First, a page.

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From CFO to CEO

By Robin Lynam

Top-notch analytical skills and a strong strategic mind-set are well-known characteristics of a chief financial officer, which are also important attributes for those who are looking to become chief executive officer. Robin Lynam talks to some successful CFO turned- CEOs about their career development paths to find out what more is needed to become the final decision-maker.

PAs do not become chief financial officers by accident. Clearly to rise to the top financial position in a successful company requires both ambition and application – advanced business skills and rigorous discipline. For an executive who has succeeded in climbing to that rung on the corporate ladder, what would he or she need to become the next chief executive officer?

A look at the Korn Ferry Institute analysis of sitting CEOs in the Forbes Global 2000 in 2015 shows that not many CEOs have a finance background: only 13 percent moved into that position from being the CFO of the same company, and only 18 percent had held a senior level financial officer’s position at any point in their careers before assuming their present roles. These numbers are virtually the same overall for 2013 through 2015, and improve only slightly among Forbes 500 CEOs.

So what are the secrets of those who do succeed in rising to the top after serving as CFOs? “The main difference between being CFO and going into the role of CEO is people engagement,” says Antonio Manuel G de Rosas, CEO of Pru Life U.K., a leading life insurance company in the Philippines, and a member of the Hong Kong Institute of CPAs.

“As a CFO you are the head of a large team but you are still somewhat of ‘a doer’ to perform the finance function. But when you get to become CEO, while you have to understand the business very well and have the tools to drive it, the main element is people management.”

Before joining Pru Life as CFO in 2007, de Rosas had served in the same position for 10 years with Nippon Life in the Philippines, and before that for two years with the Asia Commercial Bank [now the Public Bank] in Hong Kong. After spending 15 years as a CFO, he says he had made a few adjustments when he was appointed CEO in 2010.

“You train as an accountant and you are very analytical. When you become finance director you really have to understand every aspect of the business, but it’s very easy to be caught up in numbers and the technical aspects,” he says.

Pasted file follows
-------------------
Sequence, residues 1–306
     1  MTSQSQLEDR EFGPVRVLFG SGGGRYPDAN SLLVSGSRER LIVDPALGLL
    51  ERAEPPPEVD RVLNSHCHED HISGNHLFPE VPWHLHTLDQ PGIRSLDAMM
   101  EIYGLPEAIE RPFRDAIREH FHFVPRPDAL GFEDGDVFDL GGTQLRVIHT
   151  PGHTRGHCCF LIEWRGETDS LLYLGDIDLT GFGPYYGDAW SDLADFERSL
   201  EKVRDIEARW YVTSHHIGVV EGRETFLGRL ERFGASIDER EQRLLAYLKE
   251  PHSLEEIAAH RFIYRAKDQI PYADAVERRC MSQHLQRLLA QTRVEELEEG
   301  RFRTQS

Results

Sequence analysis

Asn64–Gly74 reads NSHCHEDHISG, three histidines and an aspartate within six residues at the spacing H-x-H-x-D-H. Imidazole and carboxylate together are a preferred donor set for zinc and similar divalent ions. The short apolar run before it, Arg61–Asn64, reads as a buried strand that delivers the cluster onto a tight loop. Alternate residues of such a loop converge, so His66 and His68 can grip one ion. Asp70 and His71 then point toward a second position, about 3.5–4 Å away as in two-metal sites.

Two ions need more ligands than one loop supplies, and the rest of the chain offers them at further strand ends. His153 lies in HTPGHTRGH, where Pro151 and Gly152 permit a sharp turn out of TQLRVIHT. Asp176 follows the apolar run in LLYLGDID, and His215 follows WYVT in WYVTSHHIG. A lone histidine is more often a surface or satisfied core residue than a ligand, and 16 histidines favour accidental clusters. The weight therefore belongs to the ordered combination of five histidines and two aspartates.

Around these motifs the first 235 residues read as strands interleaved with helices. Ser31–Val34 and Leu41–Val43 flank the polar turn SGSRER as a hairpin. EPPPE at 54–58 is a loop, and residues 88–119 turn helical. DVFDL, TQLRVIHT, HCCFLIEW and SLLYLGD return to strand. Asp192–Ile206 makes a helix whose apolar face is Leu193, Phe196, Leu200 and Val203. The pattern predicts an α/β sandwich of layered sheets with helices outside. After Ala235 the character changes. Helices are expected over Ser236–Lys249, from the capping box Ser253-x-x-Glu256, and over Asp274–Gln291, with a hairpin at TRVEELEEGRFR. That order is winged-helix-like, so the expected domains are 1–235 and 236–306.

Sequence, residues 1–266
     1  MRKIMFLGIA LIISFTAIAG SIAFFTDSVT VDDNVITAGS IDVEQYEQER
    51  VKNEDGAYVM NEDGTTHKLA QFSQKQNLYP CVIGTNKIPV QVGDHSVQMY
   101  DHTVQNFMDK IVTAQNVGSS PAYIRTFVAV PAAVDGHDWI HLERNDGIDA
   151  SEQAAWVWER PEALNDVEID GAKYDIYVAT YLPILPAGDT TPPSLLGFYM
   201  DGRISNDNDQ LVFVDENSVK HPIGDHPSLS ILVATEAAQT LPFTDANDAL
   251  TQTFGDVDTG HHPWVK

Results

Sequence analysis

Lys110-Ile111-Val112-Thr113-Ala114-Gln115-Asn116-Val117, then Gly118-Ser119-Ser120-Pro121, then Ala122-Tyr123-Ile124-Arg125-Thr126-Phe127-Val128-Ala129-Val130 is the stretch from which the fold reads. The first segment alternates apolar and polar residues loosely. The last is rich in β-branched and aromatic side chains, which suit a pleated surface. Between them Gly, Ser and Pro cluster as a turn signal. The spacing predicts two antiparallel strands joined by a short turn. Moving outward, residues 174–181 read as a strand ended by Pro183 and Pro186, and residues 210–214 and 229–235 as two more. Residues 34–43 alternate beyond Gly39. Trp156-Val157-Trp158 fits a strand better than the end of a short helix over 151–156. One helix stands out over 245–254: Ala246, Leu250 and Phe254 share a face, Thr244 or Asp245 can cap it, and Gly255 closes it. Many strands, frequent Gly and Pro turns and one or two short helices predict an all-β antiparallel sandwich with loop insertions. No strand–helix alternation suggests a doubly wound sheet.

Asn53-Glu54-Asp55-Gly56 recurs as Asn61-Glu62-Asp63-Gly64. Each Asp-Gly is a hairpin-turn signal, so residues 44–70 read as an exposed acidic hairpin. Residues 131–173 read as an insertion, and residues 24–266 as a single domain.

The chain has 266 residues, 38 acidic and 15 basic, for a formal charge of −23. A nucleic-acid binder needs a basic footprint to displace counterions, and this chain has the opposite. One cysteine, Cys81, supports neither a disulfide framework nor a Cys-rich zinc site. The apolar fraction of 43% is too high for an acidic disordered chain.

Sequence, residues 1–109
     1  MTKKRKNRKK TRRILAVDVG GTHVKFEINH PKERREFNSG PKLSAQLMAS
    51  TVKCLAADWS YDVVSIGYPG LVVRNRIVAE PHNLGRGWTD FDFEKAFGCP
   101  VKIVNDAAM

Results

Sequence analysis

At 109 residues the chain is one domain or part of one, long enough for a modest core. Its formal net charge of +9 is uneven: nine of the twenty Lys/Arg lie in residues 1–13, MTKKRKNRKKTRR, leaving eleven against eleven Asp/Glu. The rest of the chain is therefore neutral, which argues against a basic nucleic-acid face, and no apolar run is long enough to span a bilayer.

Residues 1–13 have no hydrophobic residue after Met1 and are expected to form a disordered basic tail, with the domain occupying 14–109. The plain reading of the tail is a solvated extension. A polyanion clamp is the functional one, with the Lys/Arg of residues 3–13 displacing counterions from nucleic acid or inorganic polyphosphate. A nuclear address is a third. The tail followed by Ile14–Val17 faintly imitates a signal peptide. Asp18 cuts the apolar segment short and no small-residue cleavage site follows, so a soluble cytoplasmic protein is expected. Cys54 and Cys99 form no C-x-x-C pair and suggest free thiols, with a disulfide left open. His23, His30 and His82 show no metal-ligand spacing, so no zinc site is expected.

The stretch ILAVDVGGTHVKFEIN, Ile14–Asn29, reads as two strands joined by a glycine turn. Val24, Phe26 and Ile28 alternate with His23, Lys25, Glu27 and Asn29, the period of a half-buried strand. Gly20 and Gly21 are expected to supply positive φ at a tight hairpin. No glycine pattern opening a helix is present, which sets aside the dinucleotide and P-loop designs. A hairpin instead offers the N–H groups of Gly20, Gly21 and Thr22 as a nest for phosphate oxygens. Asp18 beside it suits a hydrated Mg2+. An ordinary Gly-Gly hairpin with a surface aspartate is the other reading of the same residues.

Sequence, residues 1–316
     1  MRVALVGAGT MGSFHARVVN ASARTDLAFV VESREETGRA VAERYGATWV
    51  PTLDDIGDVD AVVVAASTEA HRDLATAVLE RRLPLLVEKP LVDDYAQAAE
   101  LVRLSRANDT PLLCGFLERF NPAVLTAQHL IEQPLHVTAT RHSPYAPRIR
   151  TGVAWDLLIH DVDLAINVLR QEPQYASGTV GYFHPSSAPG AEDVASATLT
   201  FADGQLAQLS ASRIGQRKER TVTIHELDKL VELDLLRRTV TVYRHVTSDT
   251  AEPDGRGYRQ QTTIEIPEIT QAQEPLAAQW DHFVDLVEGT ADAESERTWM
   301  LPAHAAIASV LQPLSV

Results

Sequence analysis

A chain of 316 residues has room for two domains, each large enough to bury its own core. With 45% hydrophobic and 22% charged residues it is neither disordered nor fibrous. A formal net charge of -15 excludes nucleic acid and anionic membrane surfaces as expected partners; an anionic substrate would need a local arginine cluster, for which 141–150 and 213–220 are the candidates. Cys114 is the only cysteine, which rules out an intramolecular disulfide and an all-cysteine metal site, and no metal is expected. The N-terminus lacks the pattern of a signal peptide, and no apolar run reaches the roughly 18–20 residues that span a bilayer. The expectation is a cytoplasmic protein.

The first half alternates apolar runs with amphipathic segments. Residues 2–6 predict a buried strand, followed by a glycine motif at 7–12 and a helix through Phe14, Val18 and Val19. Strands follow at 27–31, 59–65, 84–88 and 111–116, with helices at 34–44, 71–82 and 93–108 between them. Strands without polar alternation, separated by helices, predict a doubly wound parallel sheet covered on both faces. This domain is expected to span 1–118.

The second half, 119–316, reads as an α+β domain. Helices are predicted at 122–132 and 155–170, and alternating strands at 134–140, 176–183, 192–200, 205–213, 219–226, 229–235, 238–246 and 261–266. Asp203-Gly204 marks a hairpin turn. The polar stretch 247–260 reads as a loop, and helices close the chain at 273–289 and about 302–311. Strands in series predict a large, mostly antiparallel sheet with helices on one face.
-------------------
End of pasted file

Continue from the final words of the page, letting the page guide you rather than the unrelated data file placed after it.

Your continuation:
For a CEO, developing more competencies in people-oriented “right-brain” areas and not just his or her technical left-brain skills is crucial. “It’s all about your people. You have to get the best team, and as you progress in the role, you have to learn not to micromanage. That was the transition I had to make from being CFO to CEO,” de Rosas says. “If you are a CFO in line for a CEO’s position, you will have already been identified as very technically competent to run the business. My advice would be to develop people skills. It’s really about the ability to influence. That is a skill you must try to acquire.”

A new perspective
In 2014, when Institute member Tommy Kwok Yuen-keung became CEO of Casablanca Group – a leading supplier of branded bedding products to the Greater China region – he brought with him experience in a number of different business sectors.

He had served for three years as a CFO before establishing his own consultancy business, and was a consultant to the Casablanca Group on corporate restructuring, business development and financial modelling before being invited to join them as CEO.

“I had exposure from my early career to manufacturing, then infrastructure, corporate finance, IT and real estate, so the majority of industries, except for this one – a CEO role that is more to do with retail. That’s kind of challenging, but it is much smaller scale than what I have handled in the past,” he says.

Kwok believes his financial background equipped him with many of the skills a CEO requires, but says he worked hard to extend his scope.

“When I was a CFO I had to emphasize the finance perspective, but now I have to balance different perspectives, and look at things from a macro point of view down to micro. One thing that made me different from a normal CFO is that I have training in Blue Ocean Strategy [a theory of business building based on alternatives to traditional marketplace competition]. I can put myself in different positions and see things in different perspectives,” he says. “This role is more challenging, but I find it interesting.”

A visionary
Institute member and CEO China for the Publicis Groupe, Eric Cheung, had been CFO China for JCDecaux for two and a half years before joining his present employer in 2009, originally as managing director.